A day removed from the 40th anniversary of the landmark Roe v Wade court decision, more than 250 pro-lifers gathered in remembrance of the lives ended in its aftermath.
The Decatur County Right to Life’s annual candlelight ceremony saw a huge crowd brave bitterly cold temperatures on the courthouse steps Wednesday evening, as they decried a Supreme Court decision that has divided a nation for four decades.
And those who attended left no doubt as to where they stood on the issue.
New Point Christian Church Pastor Mark Vice, filling in for guest speaker Eileen Hartman who had to cancel due to laryngitis, called abortion “a demonic, sordid evil,” and he asked God to forgive the United States for legalizing it. In a fiery speech that sounded much like a Sunday morning sermon, Pastor Vice encouraged those in attendance to take a stand against abortion, calling it “man’s arrogance toward the gift of God.”
Vice said all have the choice “to kill or to spare life,” and stated that God Himself is pro-life.
“America, here is your right to choose,” the pastor said, gesturing to an open infant casket.
Vice’s speech was well-received by the crowd, some of whom shouted “amen” and “bless you, Father,” in response to the enthusiastic presentation.
A choir comprised of children and teenagers sang “Amazing Grace” to open the ceremony. Lisa Tressler served as the Master of Ceremonies.
Rev. Doug Preston, of Greensburg Wesleyan Church, offered the ceremony’s opening prayer, saying the gathered crowd collectively believed in “the sanctity of life.” He continued by saying those at the ceremony “will fight for life.”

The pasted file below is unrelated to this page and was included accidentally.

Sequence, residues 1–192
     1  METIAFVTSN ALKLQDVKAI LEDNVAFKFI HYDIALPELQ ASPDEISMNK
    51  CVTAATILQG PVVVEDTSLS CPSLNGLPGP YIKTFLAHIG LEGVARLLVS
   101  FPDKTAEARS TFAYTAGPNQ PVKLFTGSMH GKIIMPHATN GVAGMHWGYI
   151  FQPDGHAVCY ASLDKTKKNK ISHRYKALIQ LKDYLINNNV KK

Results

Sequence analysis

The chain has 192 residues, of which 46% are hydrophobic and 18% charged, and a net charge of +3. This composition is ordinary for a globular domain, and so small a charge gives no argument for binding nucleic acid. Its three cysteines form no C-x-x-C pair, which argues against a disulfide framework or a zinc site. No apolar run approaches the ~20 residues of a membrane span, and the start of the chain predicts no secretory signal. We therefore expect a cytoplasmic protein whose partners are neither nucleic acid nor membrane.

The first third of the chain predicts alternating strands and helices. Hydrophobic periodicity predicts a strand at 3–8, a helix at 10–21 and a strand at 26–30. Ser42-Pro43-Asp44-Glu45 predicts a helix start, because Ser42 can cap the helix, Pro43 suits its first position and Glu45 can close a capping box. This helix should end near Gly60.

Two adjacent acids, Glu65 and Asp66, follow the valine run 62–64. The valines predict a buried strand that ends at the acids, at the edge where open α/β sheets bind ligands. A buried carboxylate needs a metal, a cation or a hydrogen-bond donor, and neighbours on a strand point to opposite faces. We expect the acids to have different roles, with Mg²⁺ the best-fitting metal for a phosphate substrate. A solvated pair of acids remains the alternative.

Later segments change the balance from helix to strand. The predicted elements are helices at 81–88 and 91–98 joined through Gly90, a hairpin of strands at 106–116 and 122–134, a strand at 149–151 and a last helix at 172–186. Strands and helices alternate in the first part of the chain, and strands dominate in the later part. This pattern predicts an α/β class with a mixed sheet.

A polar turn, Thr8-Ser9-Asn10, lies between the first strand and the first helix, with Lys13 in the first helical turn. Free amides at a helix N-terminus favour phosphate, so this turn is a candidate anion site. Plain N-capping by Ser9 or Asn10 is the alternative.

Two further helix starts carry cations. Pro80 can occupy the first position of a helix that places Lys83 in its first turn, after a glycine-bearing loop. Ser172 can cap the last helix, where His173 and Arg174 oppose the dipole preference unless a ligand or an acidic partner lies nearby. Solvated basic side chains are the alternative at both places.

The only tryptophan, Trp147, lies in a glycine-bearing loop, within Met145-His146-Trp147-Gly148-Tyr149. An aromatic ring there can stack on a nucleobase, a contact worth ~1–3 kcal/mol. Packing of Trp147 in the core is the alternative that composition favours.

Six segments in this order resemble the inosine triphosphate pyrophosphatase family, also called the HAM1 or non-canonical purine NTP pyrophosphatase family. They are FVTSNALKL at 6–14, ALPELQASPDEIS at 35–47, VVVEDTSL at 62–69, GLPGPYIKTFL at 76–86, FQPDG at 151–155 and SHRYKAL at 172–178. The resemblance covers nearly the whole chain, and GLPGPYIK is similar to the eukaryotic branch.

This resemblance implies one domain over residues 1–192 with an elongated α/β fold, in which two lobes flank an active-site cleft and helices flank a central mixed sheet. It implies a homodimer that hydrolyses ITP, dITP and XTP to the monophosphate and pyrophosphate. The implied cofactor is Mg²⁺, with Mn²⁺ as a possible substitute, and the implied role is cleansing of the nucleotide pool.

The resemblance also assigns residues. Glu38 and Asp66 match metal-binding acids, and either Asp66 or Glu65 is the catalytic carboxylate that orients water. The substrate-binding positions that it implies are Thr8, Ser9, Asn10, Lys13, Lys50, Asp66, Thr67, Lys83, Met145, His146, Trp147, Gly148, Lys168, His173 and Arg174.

Those who attended were given flowers which they placed in the infant’s casket before leaving. “Taps” was played as the crowd departed the square.
Bob Rust, of Decatur County Right to Life, told the Daily News he was pleased with Wednesday’s attendance.
“That’s a pretty good crowd,” Rust said of his estimate of at least 250 attendees. “We’re happy with the amount of people who came.”
Rust said he had received calls from some supporters questioning whether the ceremony would go on in spite of the frigid temperatures. It did, and those who attended seemed glad — and emotionally moved — they had taken part in the ceremony once it was over. Many wiped tears from their eyes as they placed their flowers in the casket.
After 40 years, the emotional investment of those on either side of the abortion issue — pro-life or pro-choice — appeared as strong as ever in Greensburg Wednesday night.
Contact: Brent Brown 812-663-3111 x7056